+++ Moussaoui judge finds compromise

WASHINGTON (CNN) -- A federal judge partially retreated Friday from her ruling barring all aviation security witnesses from the sentencing trial of al Qaeda conspirator Zacarias Moussaoui.

U.S. District Judge Leonie Brinkema's ruling Friday restores a significant portion of the government's case.

She denied prosecutors' request to reinstate witnesses who had been improperly contacted by a government attorney. But Brinkema did agree to a compromise proposed by prosecutors, allowing the government to call "untainted" witnesses.

The government now proposes to present witnesses not handled by Carla Martin, the Transportation Security Administration lawyer whose actions caused the trial to be suspended.

"We are pleased to be able to move forward with this important case on behalf of the thousands of victims and their families," said Justice Department spokeswoman Tasia Scolinos.

Martin, meanwhile, says she is prepared to tell her story in court.

She is expected to appear Monday afternoon after jurors have been dismissed for the day, according to motions filed by both Moussaoui's attorneys and federal prosecutors.

"Ms. Martin's attorney has now indicated she is now prepared to tell her story and that there is more to the story than has been revealed," Moussaoui's attorneys wrote.

They said Martin's attorney, Roscoe Howard, had told them Martin "did not act alone."

The prosecution team whose efforts were temporarily scuttled by Martin "welcomes the opportunity to examine Carla Martin," they wrote.
Three days notice

Brinkema ordered prosecutors to provide the name or names of the untainted witnesses to Moussaoui's lawyers at least three days before they testify, as required by federal law.

Defense attorneys had opposed allowing the untainted witnesses to testify.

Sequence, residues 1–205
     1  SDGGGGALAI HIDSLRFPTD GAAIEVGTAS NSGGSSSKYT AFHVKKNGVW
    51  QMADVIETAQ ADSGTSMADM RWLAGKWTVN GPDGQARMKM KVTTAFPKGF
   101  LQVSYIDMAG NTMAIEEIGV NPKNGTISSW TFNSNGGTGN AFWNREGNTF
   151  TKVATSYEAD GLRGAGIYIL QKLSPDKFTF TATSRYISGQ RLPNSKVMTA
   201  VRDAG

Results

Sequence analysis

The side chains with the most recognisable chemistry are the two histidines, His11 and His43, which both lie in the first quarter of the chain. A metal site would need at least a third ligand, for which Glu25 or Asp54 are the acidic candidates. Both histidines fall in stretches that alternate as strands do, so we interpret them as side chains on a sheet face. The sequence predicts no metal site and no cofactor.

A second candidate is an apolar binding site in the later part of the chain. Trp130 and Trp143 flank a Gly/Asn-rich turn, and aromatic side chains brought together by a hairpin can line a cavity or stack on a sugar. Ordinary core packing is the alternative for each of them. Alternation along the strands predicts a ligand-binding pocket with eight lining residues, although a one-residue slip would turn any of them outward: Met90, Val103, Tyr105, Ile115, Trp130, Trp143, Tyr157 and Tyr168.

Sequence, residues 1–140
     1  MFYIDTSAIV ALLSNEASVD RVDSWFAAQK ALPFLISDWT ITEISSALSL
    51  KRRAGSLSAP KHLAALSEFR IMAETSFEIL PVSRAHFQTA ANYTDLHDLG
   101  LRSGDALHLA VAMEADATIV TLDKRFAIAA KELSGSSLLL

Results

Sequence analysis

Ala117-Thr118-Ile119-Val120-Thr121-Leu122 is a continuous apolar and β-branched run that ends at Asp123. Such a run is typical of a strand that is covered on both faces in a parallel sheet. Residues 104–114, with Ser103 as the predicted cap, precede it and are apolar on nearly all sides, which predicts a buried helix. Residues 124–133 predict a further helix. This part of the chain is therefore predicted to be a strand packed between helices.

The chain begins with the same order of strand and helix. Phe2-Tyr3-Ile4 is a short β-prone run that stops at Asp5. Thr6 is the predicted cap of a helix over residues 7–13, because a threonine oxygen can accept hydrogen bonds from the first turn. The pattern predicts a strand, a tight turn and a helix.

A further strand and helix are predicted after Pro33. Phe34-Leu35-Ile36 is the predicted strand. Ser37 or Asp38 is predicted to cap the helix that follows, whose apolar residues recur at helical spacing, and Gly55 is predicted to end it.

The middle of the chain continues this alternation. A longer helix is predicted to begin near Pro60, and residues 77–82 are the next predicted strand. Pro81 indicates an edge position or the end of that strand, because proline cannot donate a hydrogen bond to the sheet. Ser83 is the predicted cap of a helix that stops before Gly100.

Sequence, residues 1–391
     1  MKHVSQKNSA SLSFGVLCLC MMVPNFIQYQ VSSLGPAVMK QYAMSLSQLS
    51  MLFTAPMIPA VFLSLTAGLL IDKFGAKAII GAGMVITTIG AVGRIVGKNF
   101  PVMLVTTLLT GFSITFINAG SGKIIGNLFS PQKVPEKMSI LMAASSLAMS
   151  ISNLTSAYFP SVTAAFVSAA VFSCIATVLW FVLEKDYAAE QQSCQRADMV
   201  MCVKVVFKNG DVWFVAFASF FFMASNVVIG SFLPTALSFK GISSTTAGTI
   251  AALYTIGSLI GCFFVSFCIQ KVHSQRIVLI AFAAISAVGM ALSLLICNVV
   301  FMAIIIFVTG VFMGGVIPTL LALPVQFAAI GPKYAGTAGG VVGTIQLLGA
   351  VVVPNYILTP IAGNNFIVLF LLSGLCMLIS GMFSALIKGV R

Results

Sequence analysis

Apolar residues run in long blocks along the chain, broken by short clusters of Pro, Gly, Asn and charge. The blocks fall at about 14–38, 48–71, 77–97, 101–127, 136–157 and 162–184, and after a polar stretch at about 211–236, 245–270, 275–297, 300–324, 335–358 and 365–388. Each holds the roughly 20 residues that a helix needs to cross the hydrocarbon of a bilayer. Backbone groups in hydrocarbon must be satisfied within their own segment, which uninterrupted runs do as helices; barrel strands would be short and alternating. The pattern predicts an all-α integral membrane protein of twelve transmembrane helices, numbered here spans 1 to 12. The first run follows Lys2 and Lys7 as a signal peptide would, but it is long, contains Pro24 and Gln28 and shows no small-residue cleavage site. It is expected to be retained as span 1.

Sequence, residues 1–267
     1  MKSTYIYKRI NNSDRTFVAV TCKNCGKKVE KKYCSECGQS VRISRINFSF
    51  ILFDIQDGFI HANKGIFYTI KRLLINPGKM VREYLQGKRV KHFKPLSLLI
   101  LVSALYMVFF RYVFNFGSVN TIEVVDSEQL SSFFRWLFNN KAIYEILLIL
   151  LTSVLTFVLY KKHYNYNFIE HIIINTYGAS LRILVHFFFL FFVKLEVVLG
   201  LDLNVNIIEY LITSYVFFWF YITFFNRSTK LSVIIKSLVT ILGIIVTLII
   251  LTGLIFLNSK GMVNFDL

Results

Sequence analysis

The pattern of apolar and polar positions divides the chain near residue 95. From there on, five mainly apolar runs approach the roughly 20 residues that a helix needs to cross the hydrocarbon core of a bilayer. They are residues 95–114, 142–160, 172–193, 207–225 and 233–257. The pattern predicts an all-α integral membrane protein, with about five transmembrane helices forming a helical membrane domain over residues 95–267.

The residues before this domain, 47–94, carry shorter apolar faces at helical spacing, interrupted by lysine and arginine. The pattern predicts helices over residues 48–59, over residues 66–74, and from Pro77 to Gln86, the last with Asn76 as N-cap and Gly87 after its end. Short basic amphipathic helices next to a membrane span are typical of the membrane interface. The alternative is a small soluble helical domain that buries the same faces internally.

Moussaoui's lawyers were more concerned about whether anyone could be found within TSA or the Federal Aviation Administration who has not been following the case, especially with the publicity this week.

"The existence of such a person is difficult, if not impossible, to imagine, and assurances that there is a rock at the FAA under which that person has been found should be greeted with the skepticism it plainly deserves," the defense said in court papers Thursday.

Barring testimony from all aviation witnesses would have eliminated a line of attack for the prosecution, a severe blow to the government's theory of the case.

Prosecutors argue that had Moussaoui revealed his al Qaeda connections and his real intentions for attending U.S. flight schools when federal agents questioned him in mid-August 2001, the FBI and the FAA could have taken steps to intercept some of the 19 hijackers before September 11, 2001.
Testimony limited

In her order, Brinkema limited the scope of what the untainted government aviation witness can tell the jury.

They may be questioned to describe "what United States government 'could' have done to prevent the attacks had the defendant disclosed in August 2001 the facts that he admitted in pleading guilty," Brinkema said.

The witnesses may not testify "as to what the United States government 'would' have done with this information. That type of testimony would be unduly speculative and misleading to the jury," Brinkema said.

The ruling ends a crisis in the Moussaoui trial that began March 10, when prosecutors learned Martin had e-mailed seven FAA and TSA witnesses about the trial's opening statements and the first witnesses' testimony. The contact violated a court order shielding witnesses from court proceedings until they testify.

When prosecutors revealed the problem Monday morning, Brinkema sent the jury home and held a hearing to assess the damage.
Witnesses: No impact

FAA witnesses Lynne Osmus and Claudio Manno would have testified for the government. They both said Martin's e-mails did not affect what they would have told the jury.

Martin also e-mailed four TSA employees the defense had subpoenaed as witnesses. The hearing revealed Martin had misrepresented the intentions of at least two of them by falsely informing prosecutors the witnesses refused to meet with defense attorneys.

Martin also had a hand in declassifying and collating documents chosen for trial evidence.

"My problem is, I wouldn't trust anything that Ms. Martin had anything to do with at this point," Brinkema said in announcing her original ruling barring the witnesses and evidence.

Martin has since been suspended with pay from her job and could face criminal charges.

Moussaoui pleaded guilty 11 months ago to conspiring with al Qaeda to hijack and crash planes into buildings. The only question for the jury is his punishment.

If the jury rejects the death penalty, Moussaoui, 37, a French citizen of Moroccan heritage, would be sentenced to life in prison.

source = http://www.cnn.com/2006/LAW/03/17/mo...ing/index.html